The poem, “Thanatopsis,” written by William Cullen Bryant, is a wonderful literary work that explores the often controversial questions of death. Within his well written lines, Bryant attempts to show the relationship between death’s eternal questions and the ongoing cycle of nature and life. Upon concluding the poem many readers are able to reaffirm their faith in an afterlife, while others are left aimlessly pondering this strange possibility.
Throughout the poem, Bryant creates images that connect death and sleep. In fact, once the reader gets halfway through the poem they discover that Bryant uses these words almost interchangeably. In the second stanza, he writes, “All that tread The globe are but a handful to the tribes that slumber in its bosom.”
Instead of referring to death, he uses the word “slumber.” These connections continue in a number of places. Other examples include lines 57 and 66. In line 57 he writes, “In their last sleep the dead reign there alone,” and in line 66, referring to death and burial, Bryant writes, “And make their bed with thee.” This connection between death and sleep creates an intriguing metaphor that adds depth and meaning to the poem.
By using this strange metaphor I believe Bryant wishes to suggest his faith in an afterlife. While examining the differences and similarities between death and sleep the reader is left with some very thought provoking questions. The answers to these questions reassure some readers while confusing others. Sleep is a time of rest.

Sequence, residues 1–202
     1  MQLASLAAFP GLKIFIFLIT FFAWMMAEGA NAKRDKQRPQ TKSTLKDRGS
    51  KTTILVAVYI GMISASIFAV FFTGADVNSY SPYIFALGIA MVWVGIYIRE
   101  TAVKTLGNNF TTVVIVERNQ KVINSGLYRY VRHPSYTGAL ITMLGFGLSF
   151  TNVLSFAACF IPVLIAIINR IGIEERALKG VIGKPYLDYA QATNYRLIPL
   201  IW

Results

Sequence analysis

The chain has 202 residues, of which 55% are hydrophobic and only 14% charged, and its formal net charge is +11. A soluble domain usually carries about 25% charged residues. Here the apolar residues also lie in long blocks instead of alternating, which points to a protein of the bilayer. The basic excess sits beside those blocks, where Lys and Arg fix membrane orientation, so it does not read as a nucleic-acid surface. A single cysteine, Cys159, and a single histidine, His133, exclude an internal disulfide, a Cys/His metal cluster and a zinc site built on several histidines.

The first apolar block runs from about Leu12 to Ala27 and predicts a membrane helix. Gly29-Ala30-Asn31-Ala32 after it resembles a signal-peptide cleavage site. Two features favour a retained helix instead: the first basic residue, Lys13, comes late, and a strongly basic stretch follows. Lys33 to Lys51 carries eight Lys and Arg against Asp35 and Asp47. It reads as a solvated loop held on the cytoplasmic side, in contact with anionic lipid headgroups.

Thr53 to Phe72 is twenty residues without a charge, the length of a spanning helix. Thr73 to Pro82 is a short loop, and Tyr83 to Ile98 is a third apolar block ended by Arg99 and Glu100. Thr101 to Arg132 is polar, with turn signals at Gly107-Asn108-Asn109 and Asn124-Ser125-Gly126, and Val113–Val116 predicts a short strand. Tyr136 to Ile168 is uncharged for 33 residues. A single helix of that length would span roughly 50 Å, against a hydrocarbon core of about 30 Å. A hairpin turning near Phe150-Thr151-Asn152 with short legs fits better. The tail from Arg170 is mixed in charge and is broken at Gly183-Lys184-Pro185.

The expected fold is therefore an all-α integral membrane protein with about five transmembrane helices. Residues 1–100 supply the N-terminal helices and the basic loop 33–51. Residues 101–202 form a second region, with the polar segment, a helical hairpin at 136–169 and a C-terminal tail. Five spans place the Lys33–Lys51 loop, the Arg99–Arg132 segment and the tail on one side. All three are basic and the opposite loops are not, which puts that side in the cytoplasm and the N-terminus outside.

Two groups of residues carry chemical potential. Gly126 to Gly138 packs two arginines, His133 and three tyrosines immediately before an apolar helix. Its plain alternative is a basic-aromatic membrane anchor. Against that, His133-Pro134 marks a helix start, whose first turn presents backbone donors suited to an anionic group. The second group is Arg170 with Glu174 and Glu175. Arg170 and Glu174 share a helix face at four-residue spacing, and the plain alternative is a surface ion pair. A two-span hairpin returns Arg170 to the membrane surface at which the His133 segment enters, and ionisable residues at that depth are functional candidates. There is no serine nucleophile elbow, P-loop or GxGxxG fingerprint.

It allows preparation for the next day or event, and by relating this definition to death Bryant gives new insight into one’s fate after earthly existence. When identifying sleep with death Bryant gives death many characteristics of slumber. People generally wake from sleep, and Bryant expands this occurrence to death. Death could simply be a time of rest that retires the bodies’ of earthly beings, and allows the soul to wake. Upon waking the soul is freed, and enters a new plane of existence.
This idea of a spiritual awakening is demonstrated in “Thanatopsis.” In lines 50 and 51 Bryant writes, “Take the wings of morning, pierce the Barcan wilderness.”
To me, the wings in this statement symbolize a spiritual, angelic being, and the morning suggests a time of waking. After waking, the angelic being breaks through the confinement of the human grave, and continues its existence elsewhere. In my opinion, these lines indicate Bryant’s belief in an afterlife.
After reflective meditation in the wilderness, Bryant comes to terms with death. He knows death is a conclusion to the material world, but in this conclusion is a type of rebirth. Bryant believes death prepares the soul for its next journey.